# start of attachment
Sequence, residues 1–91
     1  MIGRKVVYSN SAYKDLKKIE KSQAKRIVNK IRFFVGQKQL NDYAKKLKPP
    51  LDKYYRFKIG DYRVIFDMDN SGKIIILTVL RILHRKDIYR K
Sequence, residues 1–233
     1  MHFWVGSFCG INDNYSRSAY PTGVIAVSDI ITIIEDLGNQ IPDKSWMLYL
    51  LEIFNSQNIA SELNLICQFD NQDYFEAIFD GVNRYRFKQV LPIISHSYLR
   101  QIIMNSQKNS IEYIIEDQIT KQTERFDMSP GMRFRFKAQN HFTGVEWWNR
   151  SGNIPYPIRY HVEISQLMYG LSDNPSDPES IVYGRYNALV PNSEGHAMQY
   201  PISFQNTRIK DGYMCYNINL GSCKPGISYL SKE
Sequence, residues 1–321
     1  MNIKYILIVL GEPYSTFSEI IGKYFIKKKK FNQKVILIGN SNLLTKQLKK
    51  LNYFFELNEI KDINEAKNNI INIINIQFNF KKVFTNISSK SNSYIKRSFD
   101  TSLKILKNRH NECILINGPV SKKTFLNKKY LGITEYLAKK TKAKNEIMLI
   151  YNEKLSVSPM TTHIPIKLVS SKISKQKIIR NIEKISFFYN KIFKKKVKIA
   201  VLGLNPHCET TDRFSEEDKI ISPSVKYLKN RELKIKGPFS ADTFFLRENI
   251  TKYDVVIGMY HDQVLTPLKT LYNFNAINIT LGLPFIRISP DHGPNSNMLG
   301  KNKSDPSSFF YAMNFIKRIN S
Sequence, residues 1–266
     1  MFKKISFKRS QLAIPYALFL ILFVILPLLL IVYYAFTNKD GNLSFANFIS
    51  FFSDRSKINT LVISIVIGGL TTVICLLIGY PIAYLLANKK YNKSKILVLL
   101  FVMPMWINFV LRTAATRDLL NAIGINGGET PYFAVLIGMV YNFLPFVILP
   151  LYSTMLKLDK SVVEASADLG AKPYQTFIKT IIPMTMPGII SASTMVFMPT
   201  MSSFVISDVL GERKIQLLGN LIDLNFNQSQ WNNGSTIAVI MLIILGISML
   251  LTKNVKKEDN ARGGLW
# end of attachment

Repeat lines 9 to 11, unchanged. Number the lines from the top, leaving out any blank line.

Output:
   201  PISFQNTRIK DGYMCYNINL GSCKPGISYL SKE
Sequence, residues 1–321
     1  MNIKYILIVL GEPYSTFSEI IGKYFIKKKK FNQKVILIGN SNLLTKQLKK